Globalscreen is a flexible media-art platform for artists and arts institutions. It stands for collaboration worldwide amongst video and media artists engaged in finding new, contemporary avenues in art and communication. These are experiments by artists from different countries turning to contemporary subjects, to political, aesthetic and philosophical contemplations and which, expressed in diverse projects, make a mark both in museum contexts and in public spaces.
The intention is to promote dialogue and culture in Europe and beyond. The programme�s base is NRW, Northrhine Westfalia; it is an emanative project through time and space in the sense of forming identity and networks.
Globalscreen Network pieces are flexible by design and each inspires the other. Invitations to apply are public or drafted as collaborative projects at the outset. Cooperators with Globalscreen (formerly Euroscreen 21) are international artists, curators and arts establishments as well as cooperating partners in politics and trade.
Globalscreen as a media art platform is constituted mainly in virtual space. The aim is to present with each contribution a distinct current political and artistic stance and perspective. What applies to all is that we want to stimulate artistic investigative processes. These can include interdisciplinary approaches. Drawing respectively on differing principles, projects remain flexible for future developments.
Exhibitions and projects in museums, galleries, at festivals or in public spaces are elaborated in collaboration with the pertinent institutions and artists. The genres range from experimental to interactive, animation or documentary pieces. The participating artists include the younger and the professionally established.
This makes for many and varied contacts. By including different sections of the population in its ambit, Globalscreen is ultimately also engaged in a Beuysian social sculpture that opens up new contemporary impulses and potential for further development.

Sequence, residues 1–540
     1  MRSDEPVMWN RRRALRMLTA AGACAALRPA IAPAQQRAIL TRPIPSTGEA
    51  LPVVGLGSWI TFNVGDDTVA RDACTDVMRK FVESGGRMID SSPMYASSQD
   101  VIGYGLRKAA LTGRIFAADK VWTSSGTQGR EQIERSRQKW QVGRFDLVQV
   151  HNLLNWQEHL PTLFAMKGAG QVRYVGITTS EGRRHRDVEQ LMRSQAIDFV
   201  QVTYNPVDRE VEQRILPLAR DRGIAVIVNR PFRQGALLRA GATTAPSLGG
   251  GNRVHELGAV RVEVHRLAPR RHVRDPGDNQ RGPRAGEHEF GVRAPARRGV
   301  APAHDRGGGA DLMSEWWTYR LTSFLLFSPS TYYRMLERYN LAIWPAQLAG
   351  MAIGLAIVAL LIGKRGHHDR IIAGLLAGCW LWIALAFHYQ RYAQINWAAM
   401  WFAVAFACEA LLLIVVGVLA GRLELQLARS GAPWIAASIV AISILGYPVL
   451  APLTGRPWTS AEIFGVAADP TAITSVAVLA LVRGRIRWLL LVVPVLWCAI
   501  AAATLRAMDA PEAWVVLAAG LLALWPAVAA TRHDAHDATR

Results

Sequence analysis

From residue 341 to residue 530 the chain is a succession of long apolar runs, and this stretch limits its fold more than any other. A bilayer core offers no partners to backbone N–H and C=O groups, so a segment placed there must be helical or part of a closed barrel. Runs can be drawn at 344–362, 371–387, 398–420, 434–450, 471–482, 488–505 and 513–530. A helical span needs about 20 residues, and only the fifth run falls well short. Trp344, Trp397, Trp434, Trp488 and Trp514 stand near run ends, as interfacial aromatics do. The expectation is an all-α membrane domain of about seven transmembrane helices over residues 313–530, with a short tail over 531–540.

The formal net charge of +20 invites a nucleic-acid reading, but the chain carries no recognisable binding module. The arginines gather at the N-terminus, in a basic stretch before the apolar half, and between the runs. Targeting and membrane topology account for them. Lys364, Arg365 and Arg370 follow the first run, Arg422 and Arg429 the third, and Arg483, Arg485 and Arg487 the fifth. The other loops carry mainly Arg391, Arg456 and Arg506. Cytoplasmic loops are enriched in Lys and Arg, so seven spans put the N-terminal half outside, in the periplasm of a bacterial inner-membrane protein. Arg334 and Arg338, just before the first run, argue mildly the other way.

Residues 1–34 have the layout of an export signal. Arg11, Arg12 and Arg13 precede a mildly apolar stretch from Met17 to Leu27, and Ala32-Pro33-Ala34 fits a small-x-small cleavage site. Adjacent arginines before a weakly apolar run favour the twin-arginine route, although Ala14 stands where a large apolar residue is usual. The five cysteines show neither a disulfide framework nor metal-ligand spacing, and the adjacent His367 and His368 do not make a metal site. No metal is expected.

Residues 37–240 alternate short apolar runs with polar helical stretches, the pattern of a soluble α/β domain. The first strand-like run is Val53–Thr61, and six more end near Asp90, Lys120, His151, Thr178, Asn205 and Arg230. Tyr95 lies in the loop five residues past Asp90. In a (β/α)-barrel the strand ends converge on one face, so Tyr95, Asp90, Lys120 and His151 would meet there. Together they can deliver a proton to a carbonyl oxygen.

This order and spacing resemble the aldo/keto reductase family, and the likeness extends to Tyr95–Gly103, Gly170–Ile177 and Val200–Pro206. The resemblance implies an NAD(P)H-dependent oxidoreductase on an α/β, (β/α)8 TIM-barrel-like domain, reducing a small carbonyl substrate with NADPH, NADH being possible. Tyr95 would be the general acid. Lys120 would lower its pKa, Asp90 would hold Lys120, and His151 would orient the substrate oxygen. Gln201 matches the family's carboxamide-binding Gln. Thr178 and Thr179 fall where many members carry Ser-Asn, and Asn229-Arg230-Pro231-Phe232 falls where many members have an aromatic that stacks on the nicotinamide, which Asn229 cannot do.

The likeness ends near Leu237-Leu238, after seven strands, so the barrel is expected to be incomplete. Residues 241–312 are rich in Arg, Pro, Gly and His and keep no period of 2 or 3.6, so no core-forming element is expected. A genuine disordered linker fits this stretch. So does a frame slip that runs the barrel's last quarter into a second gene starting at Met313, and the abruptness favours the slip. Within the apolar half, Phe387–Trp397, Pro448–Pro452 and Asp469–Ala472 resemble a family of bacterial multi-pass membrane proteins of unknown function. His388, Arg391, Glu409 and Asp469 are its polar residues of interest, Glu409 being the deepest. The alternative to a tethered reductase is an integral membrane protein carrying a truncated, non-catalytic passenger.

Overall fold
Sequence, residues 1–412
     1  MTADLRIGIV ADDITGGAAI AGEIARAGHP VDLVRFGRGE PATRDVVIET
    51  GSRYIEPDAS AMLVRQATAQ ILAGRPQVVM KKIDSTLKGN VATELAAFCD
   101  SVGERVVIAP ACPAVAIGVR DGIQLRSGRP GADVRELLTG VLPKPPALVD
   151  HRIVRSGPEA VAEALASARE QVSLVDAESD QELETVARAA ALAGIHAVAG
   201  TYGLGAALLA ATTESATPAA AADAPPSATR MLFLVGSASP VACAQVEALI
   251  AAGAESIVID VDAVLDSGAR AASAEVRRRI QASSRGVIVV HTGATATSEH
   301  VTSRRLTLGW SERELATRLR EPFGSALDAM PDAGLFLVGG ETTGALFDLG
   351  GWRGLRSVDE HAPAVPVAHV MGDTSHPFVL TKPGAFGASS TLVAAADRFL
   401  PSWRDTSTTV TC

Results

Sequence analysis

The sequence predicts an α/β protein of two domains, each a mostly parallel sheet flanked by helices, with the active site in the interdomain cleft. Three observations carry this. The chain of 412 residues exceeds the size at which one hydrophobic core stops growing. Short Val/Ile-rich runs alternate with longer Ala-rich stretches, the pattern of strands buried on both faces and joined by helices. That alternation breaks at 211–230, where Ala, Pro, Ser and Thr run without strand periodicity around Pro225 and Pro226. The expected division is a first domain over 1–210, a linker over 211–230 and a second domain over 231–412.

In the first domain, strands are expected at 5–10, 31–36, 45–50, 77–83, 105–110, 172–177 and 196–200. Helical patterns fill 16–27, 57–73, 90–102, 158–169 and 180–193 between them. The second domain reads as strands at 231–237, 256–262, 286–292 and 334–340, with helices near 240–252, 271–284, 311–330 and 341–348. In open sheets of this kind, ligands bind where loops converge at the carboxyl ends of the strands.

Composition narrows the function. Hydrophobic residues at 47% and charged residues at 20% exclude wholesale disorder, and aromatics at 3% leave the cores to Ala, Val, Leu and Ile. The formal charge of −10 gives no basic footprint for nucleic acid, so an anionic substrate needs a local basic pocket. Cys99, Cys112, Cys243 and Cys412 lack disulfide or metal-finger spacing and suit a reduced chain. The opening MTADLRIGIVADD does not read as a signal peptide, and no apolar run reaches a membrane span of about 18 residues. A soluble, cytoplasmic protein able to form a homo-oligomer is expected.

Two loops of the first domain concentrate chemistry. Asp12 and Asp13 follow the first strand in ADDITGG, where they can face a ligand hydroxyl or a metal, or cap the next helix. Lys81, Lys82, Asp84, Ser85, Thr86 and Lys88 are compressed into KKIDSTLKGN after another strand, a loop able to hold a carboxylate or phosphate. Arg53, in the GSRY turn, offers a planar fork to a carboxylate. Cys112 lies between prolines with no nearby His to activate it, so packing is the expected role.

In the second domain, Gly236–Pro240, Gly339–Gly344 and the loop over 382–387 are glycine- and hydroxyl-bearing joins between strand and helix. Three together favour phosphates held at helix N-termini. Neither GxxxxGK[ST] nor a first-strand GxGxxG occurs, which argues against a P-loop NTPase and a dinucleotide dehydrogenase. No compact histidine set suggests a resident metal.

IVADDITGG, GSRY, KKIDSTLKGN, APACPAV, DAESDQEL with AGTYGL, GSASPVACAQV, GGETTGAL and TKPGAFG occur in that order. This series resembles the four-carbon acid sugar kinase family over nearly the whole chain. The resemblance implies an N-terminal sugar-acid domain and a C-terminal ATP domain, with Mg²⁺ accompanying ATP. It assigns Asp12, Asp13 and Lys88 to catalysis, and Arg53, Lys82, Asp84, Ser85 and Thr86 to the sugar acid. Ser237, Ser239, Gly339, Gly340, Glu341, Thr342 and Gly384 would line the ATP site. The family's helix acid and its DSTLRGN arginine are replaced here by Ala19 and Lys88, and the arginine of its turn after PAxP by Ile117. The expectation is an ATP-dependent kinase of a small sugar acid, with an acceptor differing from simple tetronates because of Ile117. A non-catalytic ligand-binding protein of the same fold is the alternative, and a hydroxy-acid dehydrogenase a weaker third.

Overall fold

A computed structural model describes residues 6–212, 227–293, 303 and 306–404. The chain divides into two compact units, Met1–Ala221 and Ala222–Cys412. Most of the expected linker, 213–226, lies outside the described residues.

Globalscreen developed out of the video art group, Artscreen (Andrea Natterer, artistic co-ordinator), who in 2000 set about presenting video art in public spaces and to permeate everyday life with art. Cooperating with the group were the firm, Infoscreen, and the Deutsche Bahn (German Railways), who ran video art between the news and commercials showing on digital media boards at German airports and underground and railway stations.
The introduction of the Euro, the expansion trend in the EU and the rapid development of data transfer all suggested that work should be pursued at a European level and that we should overcome the language problem in communication by circulating pictures. The idea of conceptual and media artist, Judith Nothnagel, Euroscreen21 thus came about in the year 2002 and was published in a catalogue raisonn� on the occasion of the activities of Europe�s Cultural Capital then, Graz. In 2003, the project was realised in cooperation with the PAN Kunstforum Niederrhein and the North Rhine-Westphalian Art Fund/Kunststiftung NRW.
2005/6 saw the development of cooperation at a decisive level with the District of Wesel. The concept was awarded the EU Commission�s Netdays Certificate, a scheme to promote dialogue and culture in Europe. At the same time it became inevitable that this successful collaboration should be widened beyond Europe�s borders. International cultural institutes and artists showed increasing interest in the project�s way of perceiving, engaging in and handling contemporary art in Europe.
To accord with these developments, Euroscreen�s name has been changed as from 2006 into Globalscreen. The new projects are not restricted to Europe throughout; according to the subject at hand, specific target groups are invite to take part in both, research on contemporary means of artistic expression and collective forms of perception and dialogue.
Globalscreen operates flexibly and draws on cooperation with interested artists and freelance curators according to the emphasis of the project at hand. Artists today take their work beyond the classical institutional framework in creative ways and at manyfold levels. They are artists and/or curators or designers, programmers, teachers, art historians and theoreticians, etc.; they operate independent web forums, arts institutes and much more.
Thus we create our own networks on a local and global footing, which generate, in parallel to the art industry, spaces and scope for action and communication, be it critical or participatory.
In artists� hands, �classical� media such as sculpture, painting, video art, the Internet, etc., are continually redefined and redesignated. For a cultural programme like Globalscreen, this implies operating between the permanently shifting practices of contemporary art and a heterogenous public, with changing formats and modes of communicating and presenting that art. An essential in all this is to integrate both local and international processes of networking and cooperation.
� bano, Germany, 2006